Above Ground Level: 18 km, 79 km, 408 km, 35 786 km

Vancouver (2019)                  

Committee:
Sara Stevens
Fionn Byrne
Scott Sørli

See episodes here: 
18 km
79 km
408 km
35 786 km

Air Space is an increasingly commodified and militarized landscape that is heavily occupied by machines. Vertical territories are layered with complex infrastructures and ecologies which challenge environmental rights, privacy law, and spatial politics. Architecture has often interfaced with infrastructure, but rarely with the systems of technological supremacy which enable it. Above Ground Level seeks to decode supersurface natures and their real operation in order to engage with them critically.

This investigation began by creating a timeline of the commodification of air since the advent of kites used in military operations. A chronological analysis of strata in vertical space in conjunction with emerging airborne technologies revealed that this trajectory is heavily influenced by military operations. Prior to its wide dissemination, airborne technology is typically perfected and mass-produced by a state power during war times. This mass-production generally leads to reforms in property law which affect the ownership and operation of vertical space.

Additionally, this research presents a thorough review of architectural schemes designed for supersurface space; revealing that with few exceptions, schemes produced by Architects for air territories are utopian and ignore power dynamics and spatial politics present in these spaces. Notable exceptions include Superstudio’s Interplanetary Architecture, and Lebbeus Woods’ High Houses.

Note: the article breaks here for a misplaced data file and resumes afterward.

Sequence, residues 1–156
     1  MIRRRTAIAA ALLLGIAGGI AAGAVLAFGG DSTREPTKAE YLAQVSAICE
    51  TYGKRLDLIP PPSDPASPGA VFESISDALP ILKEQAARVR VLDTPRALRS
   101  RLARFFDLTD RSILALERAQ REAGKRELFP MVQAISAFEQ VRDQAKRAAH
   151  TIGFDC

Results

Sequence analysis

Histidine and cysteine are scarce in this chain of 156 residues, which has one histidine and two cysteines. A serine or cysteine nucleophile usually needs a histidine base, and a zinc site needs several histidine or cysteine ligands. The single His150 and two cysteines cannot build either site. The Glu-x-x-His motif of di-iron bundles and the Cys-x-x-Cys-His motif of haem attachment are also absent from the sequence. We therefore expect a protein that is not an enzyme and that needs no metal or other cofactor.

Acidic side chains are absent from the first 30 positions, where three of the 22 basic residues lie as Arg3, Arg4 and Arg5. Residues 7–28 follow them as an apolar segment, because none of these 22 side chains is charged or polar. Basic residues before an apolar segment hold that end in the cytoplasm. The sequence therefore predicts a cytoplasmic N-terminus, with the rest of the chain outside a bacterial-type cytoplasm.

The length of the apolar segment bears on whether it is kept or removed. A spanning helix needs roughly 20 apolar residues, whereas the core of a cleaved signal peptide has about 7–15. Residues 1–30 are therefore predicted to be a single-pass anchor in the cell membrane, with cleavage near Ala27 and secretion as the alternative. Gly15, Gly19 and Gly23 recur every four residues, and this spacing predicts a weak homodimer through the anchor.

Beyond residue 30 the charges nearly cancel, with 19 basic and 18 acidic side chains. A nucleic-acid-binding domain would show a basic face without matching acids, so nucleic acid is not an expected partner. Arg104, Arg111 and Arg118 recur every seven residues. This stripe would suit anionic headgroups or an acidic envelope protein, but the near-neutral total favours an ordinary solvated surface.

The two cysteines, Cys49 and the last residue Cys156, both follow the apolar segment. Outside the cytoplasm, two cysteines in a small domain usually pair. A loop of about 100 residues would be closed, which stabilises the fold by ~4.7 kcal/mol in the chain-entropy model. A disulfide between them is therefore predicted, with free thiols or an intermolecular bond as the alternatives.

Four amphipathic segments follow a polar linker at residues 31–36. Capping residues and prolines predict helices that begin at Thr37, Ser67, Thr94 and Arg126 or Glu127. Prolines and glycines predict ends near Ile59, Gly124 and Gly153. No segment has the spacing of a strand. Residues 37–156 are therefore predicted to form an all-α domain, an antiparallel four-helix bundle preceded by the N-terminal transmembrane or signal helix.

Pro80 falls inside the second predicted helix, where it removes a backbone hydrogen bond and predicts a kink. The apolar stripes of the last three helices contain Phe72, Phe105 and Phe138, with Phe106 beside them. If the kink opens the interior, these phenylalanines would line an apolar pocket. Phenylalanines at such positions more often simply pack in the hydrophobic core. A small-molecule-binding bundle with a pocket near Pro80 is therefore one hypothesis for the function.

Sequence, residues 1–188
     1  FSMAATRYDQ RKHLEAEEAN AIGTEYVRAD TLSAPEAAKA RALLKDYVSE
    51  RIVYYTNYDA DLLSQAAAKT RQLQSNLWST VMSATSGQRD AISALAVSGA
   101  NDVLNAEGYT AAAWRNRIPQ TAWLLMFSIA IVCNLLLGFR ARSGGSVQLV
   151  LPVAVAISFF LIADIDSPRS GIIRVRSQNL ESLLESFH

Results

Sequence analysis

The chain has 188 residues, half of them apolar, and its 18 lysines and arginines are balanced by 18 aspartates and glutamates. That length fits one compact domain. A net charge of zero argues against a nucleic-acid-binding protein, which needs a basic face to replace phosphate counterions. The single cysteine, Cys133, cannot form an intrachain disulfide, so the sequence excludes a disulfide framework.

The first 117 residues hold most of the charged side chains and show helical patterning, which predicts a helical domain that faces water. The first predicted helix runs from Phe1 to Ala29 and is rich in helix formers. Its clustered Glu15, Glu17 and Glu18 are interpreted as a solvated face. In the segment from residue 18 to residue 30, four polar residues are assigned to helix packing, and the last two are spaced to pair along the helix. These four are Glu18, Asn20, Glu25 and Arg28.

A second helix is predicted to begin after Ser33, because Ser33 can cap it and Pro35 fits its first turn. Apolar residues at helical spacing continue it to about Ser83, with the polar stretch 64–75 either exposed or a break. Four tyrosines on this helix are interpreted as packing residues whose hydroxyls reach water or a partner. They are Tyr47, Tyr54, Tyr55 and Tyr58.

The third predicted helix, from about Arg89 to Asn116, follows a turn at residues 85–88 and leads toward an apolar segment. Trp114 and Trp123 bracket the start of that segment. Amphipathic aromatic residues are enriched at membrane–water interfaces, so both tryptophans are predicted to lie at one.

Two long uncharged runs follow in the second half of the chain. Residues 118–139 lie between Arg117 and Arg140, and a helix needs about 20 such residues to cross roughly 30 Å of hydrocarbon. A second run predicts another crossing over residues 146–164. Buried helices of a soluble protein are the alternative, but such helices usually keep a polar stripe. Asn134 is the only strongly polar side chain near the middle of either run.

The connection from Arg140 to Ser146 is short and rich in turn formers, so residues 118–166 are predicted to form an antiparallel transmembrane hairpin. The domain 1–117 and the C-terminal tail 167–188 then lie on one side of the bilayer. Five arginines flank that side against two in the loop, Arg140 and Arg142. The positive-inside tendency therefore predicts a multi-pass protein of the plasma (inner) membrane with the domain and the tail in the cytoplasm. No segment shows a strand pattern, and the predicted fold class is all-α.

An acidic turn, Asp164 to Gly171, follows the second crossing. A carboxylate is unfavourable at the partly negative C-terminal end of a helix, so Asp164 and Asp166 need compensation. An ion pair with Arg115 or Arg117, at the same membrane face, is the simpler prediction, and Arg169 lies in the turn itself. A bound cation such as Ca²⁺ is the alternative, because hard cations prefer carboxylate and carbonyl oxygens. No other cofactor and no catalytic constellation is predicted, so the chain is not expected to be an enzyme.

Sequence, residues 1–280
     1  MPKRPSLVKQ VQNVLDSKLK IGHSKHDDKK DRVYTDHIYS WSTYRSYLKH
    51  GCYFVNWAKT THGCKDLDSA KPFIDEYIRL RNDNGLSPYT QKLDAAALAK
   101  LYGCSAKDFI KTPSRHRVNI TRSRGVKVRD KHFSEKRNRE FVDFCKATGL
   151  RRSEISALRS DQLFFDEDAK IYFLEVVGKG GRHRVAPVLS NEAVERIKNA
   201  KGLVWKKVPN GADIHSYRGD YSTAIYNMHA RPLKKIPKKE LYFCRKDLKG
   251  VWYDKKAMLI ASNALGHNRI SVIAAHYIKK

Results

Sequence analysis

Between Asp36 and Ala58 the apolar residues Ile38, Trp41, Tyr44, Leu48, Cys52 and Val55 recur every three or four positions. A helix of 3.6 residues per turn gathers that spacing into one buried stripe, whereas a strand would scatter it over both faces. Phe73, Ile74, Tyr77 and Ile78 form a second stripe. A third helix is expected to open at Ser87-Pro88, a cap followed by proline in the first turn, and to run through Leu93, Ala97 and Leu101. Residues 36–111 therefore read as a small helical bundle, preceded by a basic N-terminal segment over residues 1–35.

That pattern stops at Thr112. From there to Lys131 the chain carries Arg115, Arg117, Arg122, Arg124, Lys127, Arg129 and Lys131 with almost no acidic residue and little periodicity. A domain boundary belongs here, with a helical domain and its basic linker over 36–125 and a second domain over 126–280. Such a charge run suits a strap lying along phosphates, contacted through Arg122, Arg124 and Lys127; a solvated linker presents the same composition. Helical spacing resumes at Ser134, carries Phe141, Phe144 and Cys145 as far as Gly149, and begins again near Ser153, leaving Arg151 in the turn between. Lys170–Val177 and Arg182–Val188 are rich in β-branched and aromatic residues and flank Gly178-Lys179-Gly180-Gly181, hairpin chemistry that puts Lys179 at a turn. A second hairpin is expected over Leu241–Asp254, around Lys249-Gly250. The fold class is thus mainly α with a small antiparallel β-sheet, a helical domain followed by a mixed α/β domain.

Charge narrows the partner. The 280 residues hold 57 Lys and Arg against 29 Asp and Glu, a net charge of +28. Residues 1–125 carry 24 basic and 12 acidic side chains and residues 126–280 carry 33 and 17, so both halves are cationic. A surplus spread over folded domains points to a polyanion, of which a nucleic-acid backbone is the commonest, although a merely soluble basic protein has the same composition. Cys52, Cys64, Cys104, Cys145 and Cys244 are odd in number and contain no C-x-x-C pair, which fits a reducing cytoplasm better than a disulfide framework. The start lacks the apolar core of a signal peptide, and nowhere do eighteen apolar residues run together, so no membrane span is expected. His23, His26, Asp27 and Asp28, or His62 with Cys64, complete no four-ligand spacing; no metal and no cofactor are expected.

Above Ground Level uses Paul Virilio’s analysis of dromological space as a conceptual framework to understand spatial politics in vertical space, and how private citizens might reclaim this territory in order to build agency within it. Paul Virilio refers to dromological space as space governed by the acceleration of technology—specifically tied to machinic advancements sustained by the military industrial complex. 

As Bruno Latour notes, our political systems are changing with the ‘new climactic regime.’ The spatial ramifications inherent in this shift represent new opportunities for the field of Architecture to explore and build agency within systems of power and technosupremacy.
This research offers four speculative episodes; tales told through architectural objects at 18 km, 79 km, 408 km, and 35 786 km above ground level. Using Virilio’s theoretical constructs, historical research, and studies of policy which affect each airborne landscape, these episodes question systems of power hidden above the clouds.

Canadian Architect Student Award of Excellence Nomination 
Abraham Rogatnick Book Prize Recipient
Faculty Project Selection, Graduate Thesis Show

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